Posts Tagged ‘The Silent Movie Theatre’

The Big Blue Marble @ Cinefamily

Published May 3, 2010 by Graham

Yo Gabba Gabba’s DJ Lance Rock and animation producer Kevin Sukho Lee are guest programming a festival of children’s films this month at Cinefamily! Every Friday there’s another mind-blowing night of entertainment to delight children and grown-ups alike:

To a child, there are no boundaries of culture, no barriers to acceptance of any external stimuli — as long as it’s cool. Explosions of color, light, music and funky characters are a universal constant, and never fail to, even in our adult lives, zap our inner kid cores into sweet submission. The hit kids’ television show “Yo Gabba Gabba!”, an awesome program for kids and adults alike, is a proud proponent of this philosophy — and we’re thrilled to present guest programmers Lance Robertson (the show’s star, aka DJ Lance Rock), and animation producer Kevin Sukho Lee, as they unearth some choice childrens’ cinematic seeds from the vaults of yesteryear. From personal favorites to prominent influences to the just plain rad, they’ll orbit around this big blue marble of ours to bring you an eclectic assortment of far-out kinder-fare from around the globe.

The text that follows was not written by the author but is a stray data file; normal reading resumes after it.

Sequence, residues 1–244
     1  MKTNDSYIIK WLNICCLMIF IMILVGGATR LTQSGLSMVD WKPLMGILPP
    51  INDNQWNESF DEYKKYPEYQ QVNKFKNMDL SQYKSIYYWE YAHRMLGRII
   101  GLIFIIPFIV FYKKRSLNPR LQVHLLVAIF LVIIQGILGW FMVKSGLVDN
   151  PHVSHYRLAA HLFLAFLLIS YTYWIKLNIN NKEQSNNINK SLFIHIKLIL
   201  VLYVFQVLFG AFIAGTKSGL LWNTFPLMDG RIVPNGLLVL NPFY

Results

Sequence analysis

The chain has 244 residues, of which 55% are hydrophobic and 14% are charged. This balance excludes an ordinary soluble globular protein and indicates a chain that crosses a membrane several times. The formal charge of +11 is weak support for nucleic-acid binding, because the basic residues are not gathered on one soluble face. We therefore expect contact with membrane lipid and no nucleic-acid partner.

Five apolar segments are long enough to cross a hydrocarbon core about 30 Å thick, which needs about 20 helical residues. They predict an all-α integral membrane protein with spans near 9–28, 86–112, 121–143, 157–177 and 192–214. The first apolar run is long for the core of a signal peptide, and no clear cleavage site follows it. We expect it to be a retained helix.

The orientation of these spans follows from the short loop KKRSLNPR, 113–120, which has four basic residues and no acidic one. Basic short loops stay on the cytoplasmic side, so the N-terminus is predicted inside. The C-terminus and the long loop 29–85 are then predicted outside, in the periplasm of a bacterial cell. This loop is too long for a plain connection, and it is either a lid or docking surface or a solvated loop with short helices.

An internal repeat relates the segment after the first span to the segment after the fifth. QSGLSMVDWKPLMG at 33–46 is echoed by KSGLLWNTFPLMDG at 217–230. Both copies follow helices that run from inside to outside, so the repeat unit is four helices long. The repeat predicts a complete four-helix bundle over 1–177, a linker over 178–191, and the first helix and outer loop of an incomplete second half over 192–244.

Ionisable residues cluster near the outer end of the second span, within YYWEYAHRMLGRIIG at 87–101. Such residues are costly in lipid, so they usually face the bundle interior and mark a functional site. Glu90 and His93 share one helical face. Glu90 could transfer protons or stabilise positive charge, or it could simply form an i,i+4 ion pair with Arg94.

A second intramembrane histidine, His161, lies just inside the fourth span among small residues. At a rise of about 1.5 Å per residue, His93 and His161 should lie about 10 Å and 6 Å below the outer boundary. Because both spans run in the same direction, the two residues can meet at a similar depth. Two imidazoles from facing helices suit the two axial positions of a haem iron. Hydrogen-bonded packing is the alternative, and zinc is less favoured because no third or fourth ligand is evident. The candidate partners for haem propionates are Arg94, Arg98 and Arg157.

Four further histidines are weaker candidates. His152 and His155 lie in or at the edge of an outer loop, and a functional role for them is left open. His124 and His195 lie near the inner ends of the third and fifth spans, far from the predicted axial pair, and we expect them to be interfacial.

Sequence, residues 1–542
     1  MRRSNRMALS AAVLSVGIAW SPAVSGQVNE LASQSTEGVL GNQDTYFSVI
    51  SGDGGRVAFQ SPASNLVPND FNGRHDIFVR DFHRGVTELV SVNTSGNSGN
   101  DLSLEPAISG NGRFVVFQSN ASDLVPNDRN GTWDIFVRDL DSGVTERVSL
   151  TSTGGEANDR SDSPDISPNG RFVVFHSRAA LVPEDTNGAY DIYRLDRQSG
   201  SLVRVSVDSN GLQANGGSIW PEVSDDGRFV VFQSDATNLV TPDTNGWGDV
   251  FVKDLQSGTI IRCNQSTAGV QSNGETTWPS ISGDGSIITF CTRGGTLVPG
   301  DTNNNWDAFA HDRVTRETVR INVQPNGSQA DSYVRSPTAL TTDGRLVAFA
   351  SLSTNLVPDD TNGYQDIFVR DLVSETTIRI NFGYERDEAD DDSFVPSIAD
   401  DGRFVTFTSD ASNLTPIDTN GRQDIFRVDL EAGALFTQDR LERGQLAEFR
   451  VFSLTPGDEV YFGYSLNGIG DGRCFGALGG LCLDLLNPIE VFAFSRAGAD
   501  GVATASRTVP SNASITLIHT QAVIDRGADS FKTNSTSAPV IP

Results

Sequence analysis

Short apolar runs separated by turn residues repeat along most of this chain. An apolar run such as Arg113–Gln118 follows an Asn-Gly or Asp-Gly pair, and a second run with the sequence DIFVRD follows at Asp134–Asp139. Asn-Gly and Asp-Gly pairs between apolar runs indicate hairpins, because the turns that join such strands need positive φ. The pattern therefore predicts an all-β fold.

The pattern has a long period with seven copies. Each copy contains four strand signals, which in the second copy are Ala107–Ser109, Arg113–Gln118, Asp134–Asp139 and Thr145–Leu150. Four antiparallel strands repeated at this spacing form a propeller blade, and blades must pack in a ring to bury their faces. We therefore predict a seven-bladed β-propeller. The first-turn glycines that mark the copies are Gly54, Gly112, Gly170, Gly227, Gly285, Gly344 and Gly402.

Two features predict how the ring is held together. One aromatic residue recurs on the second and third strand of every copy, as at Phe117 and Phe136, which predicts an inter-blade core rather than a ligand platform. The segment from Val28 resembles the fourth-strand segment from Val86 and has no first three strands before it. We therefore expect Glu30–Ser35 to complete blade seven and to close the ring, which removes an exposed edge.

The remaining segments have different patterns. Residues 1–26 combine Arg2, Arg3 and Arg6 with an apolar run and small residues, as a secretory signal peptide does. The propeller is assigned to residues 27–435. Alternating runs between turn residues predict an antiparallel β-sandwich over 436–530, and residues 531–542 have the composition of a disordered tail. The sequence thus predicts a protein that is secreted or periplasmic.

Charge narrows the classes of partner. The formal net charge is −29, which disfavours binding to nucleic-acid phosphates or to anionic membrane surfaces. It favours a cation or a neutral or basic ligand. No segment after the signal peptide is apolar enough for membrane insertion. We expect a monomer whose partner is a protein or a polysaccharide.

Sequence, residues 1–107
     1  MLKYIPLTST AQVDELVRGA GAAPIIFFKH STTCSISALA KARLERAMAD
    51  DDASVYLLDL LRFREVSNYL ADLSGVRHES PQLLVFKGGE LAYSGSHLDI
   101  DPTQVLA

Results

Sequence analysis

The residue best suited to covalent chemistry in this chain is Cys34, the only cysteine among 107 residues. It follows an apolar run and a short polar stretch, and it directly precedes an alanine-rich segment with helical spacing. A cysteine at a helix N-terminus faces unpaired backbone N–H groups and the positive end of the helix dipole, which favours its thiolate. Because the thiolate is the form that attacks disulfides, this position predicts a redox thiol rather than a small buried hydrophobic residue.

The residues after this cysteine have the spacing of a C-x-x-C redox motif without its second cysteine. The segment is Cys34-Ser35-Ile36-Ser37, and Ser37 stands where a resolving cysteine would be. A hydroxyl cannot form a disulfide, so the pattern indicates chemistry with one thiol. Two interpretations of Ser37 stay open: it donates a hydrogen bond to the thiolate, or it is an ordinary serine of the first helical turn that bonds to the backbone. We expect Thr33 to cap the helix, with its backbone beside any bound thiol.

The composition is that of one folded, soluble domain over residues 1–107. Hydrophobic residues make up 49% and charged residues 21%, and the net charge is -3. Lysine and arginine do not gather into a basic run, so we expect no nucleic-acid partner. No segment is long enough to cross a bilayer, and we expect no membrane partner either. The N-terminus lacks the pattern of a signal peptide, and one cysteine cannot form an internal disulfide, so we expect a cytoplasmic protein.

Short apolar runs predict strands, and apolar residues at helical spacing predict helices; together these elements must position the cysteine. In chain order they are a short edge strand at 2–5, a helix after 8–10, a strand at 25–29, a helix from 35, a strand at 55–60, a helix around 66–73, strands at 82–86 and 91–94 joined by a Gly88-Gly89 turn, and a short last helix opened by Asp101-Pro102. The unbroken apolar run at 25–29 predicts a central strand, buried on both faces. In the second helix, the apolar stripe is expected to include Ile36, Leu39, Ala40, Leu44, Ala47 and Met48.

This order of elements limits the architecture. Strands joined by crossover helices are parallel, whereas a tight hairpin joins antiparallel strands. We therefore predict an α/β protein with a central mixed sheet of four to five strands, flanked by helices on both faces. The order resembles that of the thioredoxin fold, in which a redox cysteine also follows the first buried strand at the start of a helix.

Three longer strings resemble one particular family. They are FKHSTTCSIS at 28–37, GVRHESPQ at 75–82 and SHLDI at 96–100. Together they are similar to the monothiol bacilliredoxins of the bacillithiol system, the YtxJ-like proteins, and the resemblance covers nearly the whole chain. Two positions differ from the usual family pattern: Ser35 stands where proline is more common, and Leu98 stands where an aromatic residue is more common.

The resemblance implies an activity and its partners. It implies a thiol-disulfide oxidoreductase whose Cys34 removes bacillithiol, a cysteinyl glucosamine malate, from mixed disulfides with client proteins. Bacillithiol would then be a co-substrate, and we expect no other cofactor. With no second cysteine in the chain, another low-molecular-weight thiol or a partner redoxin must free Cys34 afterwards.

Beetle Queen Conquers Tokyo

Published March 11, 2010 by Graham

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Stop, breathe, and take a moment to appreciate how rad bugs are. Let’s send waves of positive thought about insects into the Universe. Here in the English-speaking world, where they are semiotically bound to concepts of destruction and annoyance, bugs could use some respect and affection. Not so much in Japan, as we learn in Jessica Oreck’s dazzling documentary Beetle Queen Conquers Tokyo.

…While people of many other countries fear all manner of creepy crawlies, the Japanese love and respect them: they’re sold live in vending machines and department stores; they’re the subject of the No. 1 videogame MushiKing; and a single beetle recently sold for $90,000. Insects have been an integral part of the centuries-old traditions of the country, once described as the “Isle of the Dragonflies.”

The film’s gorgeous imagery links people with the strength of beetles, the music of crickets, the magic of fireflies and the endless colors of butterflies. Using bugs like an anthropologist’s toolkit, the film uncovers Japanese philosophies that will shift Westerners’ perspectives on nature, beauty, life, and even the seemingly mundane realities of their day-to-day routines.

Take the rare opportunity to reflect on the elegance of the microscopic and watch this film. It’s playing tonight at Cinefamily in L.A., for one night only. The screening will also feature a Q&A with Oreck.

Cinefamily Presents: A Tribute to Maurice Sendak

Published September 29, 2009 by Graham

Cinefamily

Here’s the official flier (lovingly illustrated by Stevenfiche) for tomorrow night’s Cinefamily event that we mentioned last week. The evening will consist of Maurice Sendak’s greatest animated adaptations, the sneak preview screening of Spike and Lance’s documentary about Maurice, and a few fun surprises! Tickets are on sale now.

Tell Them Anything You Want

Published September 25, 2009 by Graham